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Curing The 'Addiction' Of Antibiotic Resistance

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Every life form encounters stress. The trick to staying healthy is to find ways to manage troublesome situations. The strategies used can be split into two major coping mechanisms. One involves internal biological pathways to survive. The other requires outside supplementation to give the organism at least a chance to overcome the burden.

In the human context, two very different options can be used to deal with stress. The biological route requires the body to alter the way it responds, such as a rise in inflammation or a change in the way the brain functions. The supplementation route is far easier to appreciate; we use drugs to calm the nerves.

In bacteria, the same two routes are used to deal with outside pressures. They can biologically change the way their cells operate, usually as a result of genetic mutation. But they also can gain new genetic elements, known as plasmids, to give them an advantage.

While both humans and bacteria can achieve a better life with supplements, ultimately, there is a price. Depending on the nature of the chemical, the individual may become addicted. This need can then persist long after the original stresses have disappeared.

The concept of supplement addiction in human terms is relatively understood. As anyone who has suffered from this ailment can attest, it is very difficult to remediate. Yet, this goal can be achieved through the use of interference mechanisms, such as the use of surrogate drugs, or changes in lifestyle and behaviour.

For a bacterium, the condition of supplement addiction is far less understood and finding the means to cure the cell of a plasmid-based need has been for the most part a mystery. Usually, ridding a cell of a plasmid is easy. You place the cell in a stress-free environment such that the added genetic material is no longer required. But when addiction sets in, even this technique cannot cure the cell. The outside element is there to stay.

This microbial concept of supplement addiction may not appear to be highly relevant to our own lives. Yet, there is one form of bacterial addiction known to be incredibly relevant to human health. It's antibiotic resistance, which as we all know, is a major crisis worldwide.

At its core, antibiotic resistance is merely a coping mechanism. Bacteria are faced with a rather dire form of stress and need to find a way to cope. They can take the biological route of genetic mutation to render the drug useless. They also can gain a plasmid from the environment or another bacterium, to gain resistance mechanisms. This latter route, while incredibly useful, may lead to addiction. The cell becomes used to having the outside genetic material and keeps it for generations.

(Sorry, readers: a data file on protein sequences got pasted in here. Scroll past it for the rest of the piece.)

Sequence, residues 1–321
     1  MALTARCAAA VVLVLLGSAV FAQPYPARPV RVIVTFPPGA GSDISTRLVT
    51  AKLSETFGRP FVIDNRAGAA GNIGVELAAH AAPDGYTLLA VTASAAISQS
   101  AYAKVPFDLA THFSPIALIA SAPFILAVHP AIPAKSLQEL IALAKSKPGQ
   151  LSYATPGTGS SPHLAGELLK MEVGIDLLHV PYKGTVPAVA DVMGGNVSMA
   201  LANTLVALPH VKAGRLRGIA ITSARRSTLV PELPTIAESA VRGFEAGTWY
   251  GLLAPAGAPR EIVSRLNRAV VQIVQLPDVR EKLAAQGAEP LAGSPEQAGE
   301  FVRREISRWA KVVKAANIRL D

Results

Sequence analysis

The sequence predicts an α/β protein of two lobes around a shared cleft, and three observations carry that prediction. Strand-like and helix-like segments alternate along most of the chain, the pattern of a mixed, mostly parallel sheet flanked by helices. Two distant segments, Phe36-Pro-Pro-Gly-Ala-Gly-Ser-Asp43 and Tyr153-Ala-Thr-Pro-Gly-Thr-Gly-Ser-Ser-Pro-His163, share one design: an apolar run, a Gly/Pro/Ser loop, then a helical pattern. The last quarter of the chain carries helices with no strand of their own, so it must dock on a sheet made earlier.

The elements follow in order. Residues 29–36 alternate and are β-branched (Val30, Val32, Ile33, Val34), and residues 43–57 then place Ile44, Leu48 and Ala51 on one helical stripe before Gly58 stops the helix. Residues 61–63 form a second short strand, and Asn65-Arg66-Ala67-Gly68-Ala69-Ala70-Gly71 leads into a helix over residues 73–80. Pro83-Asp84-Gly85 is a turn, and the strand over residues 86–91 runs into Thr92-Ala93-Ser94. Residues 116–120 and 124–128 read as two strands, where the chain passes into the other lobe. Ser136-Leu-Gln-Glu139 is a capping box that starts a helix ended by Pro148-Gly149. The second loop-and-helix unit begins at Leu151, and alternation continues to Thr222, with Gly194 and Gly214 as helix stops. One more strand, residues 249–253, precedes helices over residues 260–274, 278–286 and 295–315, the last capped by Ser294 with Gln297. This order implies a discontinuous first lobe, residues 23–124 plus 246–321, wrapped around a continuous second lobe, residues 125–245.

From the bacterial point of view, this is a good thing. But if you happen to be a health professional trying to deal with an infection, this addiction can throw a major wrench into any treatment plan. To give the patient a chance to heal, this form of addiction needs to be cured.

This requirement led a group of Australian researchers to undertake the addiction challenge. They tried to figure out how to get rid of those plasmid supplements so the bacteria could no longer use their addiction to continue infection. They recently revealed one option that one day might allow us to "cure" pathogens.

The process was relatively similar to how humans deal with addiction. The team first developed a plasmid supplement that mimicked the antibiotic resistance plasmid. It was akin to a microbial form of methadone for heroin. But there was an added trick. Once it was inside an addicted cell, this aptly named interference plasmid would look for the genes that caused resistance and destroy them.

As expected, when the interference plasmid was administered in the lab, resistance went away. The team had cured the bacteria of addiction. But this was merely a proof of concept. They needed to ensure this method would work in a real-life scenario.

For this next round of experiments, mice containing addicted bacteria in their intestines were used. When a microbial supplement containing the interference plasmid was introduced, the resistant cells were killed within days. Just like what the team had seen in the lab, the bacteria had been cured of their addiction.

For the authors, the results reveal a new approach to dealing with the antibiotic resistance crisis. By using bacteria containing these interference plasmids, we may be able to help those suffering from certain types of resistant infections. Although this approach won't cure those biologically resistant strains, we may be able to put a halt to the supplement route and slow many resistant infections.

The study also highlights a different perspective on antibiotic resistance. Rather than view it as a major hurdle in human health, we can recognize it as yet another addiction in need of a cure. This approach may help to curb the use of antibiotics in the future. Letting the public know they are enabling microbial addicts when they overuse, misuse, and abuse antibiotics may lead to a change of mindset. People may even think twice about asking for an antibiotic at the doctor's office or perhaps not purchase meat from animals raised on antibiotics. In light of the coming post-antibiotic era, we can use any help we can get.

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